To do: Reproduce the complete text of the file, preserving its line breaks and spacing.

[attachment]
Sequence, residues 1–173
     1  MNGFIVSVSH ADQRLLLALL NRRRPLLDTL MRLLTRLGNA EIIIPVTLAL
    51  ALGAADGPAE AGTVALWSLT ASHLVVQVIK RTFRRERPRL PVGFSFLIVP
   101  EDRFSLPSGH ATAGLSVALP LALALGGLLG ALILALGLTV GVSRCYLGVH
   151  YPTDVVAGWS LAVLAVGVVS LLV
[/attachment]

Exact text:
Sequence, residues 1–173
     1  MNGFIVSVSH ADQRLLLALL NRRRPLLDTL MRLLTRLGNA EIIIPVTLAL
    51  ALGAADGPAE AGTVALWSLT ASHLVVQVIK RTFRRERPRL PVGFSFLIVP
   101  EDRFSLPSGH ATAGLSVALP LALALGGLLG ALILALGLTV GVSRCYLGVH
   151  YPTDVVAGWS LAVLAVGVVS LLV